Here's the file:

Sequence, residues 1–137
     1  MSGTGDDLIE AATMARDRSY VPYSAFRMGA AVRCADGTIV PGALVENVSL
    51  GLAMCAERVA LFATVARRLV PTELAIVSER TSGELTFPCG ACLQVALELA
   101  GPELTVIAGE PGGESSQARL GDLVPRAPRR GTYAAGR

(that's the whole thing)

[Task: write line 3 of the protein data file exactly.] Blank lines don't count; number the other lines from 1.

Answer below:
    51  GLAMCAERVA LFATVARRLV PTELAIVSER TSGELTFPCG ACLQVALELA